Inviting Sponsors to Confirmation Retreats

Paul Masek's picture


There is a relatively new trend developing in the retreat ministry of the REAP Team, and some church leaders are pretty enthusiastic about it.

More and more, whenever possible, parishes are inviting sponsors to attend Confirmation retreats with their students - and if the sponsor cannot attend, a “sponsor substitute” like a parent or older sibling is asked to attend in their stead.

There are several reasons why many of us think this is a great idea:

  1. Student/Sponsor relationships are strengthened - not only through the shared experience of a retreat, but also because they are given opportunities to share faith with one another through meaningful discussion.
  2. Sponsors get evangelized, too.  I think we all know that sometimes sponsors are chosen based upon factors other than being an outstanding, exemplary, saintly role model of faith.  And, if a sponsor is a rock star for Jesus, even the best of us need to be constantly evangelized, right?
  3. Crowd control becomes a non-issue. Anyone who has ever worked with a group of teens knows that sometimes the crowd can become restless or rowdy; having an adult sitting next to every teen basically eliminates this problem.
  4. Staff workload is lightened.  Not only are fewer parish staff members needed to help with crowd control, but the task of recruiting and training small group leaders is eliminated.
  5. It’s a call to excellence.  We try to be excellent at all of our events, and knowing that adults will be in attendance reminds us to honor everyone’s valuable sacrifice of time by doing our very best for God & His people.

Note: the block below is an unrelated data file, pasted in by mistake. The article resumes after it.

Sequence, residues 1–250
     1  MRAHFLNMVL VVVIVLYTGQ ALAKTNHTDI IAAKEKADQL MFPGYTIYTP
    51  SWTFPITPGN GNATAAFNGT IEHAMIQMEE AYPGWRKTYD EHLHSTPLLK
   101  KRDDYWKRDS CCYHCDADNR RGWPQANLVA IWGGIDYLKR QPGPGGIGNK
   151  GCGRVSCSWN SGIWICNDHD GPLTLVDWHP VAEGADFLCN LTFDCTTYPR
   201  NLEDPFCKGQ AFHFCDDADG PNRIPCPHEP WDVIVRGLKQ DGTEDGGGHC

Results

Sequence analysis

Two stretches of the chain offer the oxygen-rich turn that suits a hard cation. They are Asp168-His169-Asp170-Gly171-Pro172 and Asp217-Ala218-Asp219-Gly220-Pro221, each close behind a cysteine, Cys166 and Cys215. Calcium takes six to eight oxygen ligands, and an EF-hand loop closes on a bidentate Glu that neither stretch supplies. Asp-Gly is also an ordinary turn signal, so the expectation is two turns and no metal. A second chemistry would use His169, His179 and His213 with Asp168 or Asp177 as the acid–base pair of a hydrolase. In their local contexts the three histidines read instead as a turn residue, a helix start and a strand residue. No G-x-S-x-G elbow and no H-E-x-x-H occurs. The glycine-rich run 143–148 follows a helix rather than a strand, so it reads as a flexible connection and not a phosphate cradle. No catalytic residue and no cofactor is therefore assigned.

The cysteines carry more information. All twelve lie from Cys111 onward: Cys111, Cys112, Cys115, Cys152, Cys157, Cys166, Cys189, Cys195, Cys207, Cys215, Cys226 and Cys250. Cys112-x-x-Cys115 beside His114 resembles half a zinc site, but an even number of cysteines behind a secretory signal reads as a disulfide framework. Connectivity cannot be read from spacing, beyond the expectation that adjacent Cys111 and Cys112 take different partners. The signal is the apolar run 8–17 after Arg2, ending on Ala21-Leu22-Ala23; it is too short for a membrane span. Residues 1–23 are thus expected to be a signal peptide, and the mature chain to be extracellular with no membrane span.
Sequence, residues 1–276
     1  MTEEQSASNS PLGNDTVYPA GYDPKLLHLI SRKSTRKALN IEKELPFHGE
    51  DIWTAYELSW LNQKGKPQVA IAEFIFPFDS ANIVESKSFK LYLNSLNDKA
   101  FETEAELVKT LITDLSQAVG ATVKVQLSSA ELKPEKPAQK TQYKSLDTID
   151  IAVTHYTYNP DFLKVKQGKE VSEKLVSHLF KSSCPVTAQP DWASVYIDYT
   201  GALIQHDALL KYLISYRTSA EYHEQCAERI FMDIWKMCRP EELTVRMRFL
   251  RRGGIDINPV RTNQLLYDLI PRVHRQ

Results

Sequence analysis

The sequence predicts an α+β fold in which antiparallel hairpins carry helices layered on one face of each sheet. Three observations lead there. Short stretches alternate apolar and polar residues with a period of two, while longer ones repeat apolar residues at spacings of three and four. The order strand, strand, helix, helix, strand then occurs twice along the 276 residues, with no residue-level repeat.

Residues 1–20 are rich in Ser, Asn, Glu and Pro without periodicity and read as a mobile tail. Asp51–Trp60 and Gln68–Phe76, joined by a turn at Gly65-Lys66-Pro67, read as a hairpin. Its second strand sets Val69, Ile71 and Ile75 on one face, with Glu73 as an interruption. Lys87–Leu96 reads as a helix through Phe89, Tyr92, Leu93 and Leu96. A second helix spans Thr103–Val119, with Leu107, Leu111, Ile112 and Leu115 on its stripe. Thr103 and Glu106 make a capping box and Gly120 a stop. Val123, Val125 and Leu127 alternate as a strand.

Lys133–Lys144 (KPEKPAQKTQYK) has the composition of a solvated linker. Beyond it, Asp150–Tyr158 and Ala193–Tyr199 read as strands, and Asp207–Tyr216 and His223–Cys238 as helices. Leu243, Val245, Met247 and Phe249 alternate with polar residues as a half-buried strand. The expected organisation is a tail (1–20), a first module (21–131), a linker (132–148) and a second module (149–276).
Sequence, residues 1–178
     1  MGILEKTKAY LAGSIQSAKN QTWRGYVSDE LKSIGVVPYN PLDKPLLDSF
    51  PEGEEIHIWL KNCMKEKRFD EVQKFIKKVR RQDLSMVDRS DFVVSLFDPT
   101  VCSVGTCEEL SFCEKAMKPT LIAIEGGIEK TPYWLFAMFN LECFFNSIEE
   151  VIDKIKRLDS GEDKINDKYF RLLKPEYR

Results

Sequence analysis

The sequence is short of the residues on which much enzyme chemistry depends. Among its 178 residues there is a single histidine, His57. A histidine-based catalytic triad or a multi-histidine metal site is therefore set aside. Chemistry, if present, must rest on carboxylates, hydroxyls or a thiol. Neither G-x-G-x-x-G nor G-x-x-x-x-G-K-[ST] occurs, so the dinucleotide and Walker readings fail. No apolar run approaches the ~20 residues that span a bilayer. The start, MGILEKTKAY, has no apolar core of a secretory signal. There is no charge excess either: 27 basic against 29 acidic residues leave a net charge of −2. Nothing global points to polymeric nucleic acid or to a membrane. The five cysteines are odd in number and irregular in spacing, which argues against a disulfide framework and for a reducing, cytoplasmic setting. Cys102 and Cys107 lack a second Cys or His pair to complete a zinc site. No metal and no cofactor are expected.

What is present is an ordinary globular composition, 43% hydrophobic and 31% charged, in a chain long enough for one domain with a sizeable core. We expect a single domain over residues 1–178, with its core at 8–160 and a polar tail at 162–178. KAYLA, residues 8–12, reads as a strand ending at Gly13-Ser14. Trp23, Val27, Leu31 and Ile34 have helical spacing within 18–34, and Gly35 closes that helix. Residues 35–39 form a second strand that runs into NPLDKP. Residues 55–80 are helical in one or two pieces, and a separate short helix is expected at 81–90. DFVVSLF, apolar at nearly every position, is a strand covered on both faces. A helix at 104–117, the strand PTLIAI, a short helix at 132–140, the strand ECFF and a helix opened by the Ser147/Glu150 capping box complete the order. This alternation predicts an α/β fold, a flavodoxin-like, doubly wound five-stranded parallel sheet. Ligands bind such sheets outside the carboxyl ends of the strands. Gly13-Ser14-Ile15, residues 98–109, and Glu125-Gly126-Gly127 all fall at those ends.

There are a couple of downsides to this trend:

  1. Students don’t experience the benefit of small group discussion with their peers on retreats, which can at times be very powerful.
  2. Team members don’t have as much interaction with students in mingling and small group discussion, making it harder for us to know what’s happening in their lives.

To offset these downsides, I suggest:

  1. Teachers and catechists could facilitate peer-to-peer discussions in the classroom after the retreat has ended, perhaps utilizing the discussion questions from the retreat itself.
  2. Retreat leaders could gather relevant background information about the teens from adults leaders before the retreat begins, which has the added benefit of helping them to pray and prepare in a more focused way.
  3. Remembering that although as a youth minister I really enjoy getting to know teens on retreats, I will only be a part of their lives for a short time, while the relationship between student and sponsor is supposed to be lifelong.

I understand that including sponsors on Confirmation retreats is not always an option, especially for parishes that have retreats on weekdays.  And yet, many parishes have started having mini-retreats in the evening for students and sponsors in addition to a daylong weekday retreat for the students.   A mini-retreat is a great way to enhance the traditional “Confirmation information meeting” and make it into something more.  For suggestions on how to do this, feel free to contact the REAP Team directly

Whether or not you utilize the REAP Team for your retreats, I hope and pray that you’ll prayerfully consider how to help Confirmation sponsors become more involved in the Confirmation process. The potential benefits for both the candidate and the sponsor could be eternal.

Check out this awesome message we recently received from a mom about one of our student/sponsor Confirmation retreats:

I just wanted to let you know that my sister (my son’s Confirmation sponsor) just LOVED the retreat last Sun. She informed me everything they did and just enjoyed all of it. She runs a weekend camp and was worried about sitting all day but she said it was the most exciting retreat she has attended. She also said my son really enjoyed it as well (although he won't admit it). The best part they both said were the small conversations the sponsor was supposed to have with the child. I sat and cried when she told me all the things my son said to her. Very inspirational!!! So I just want to say thank you!!! A job well done. 

Paul Masek is the coordinator of the REAP Team, a Catholic youth retreat ministry of the Catholic Youth Apostolate of the Archdiocese of St. Louis. He is married to Lisa, and they have four kids - Jacob, Audrey, Kyle, and Dominic. You can follow Paul on Twitter: @clasekmasek, and you can contact Paul via email: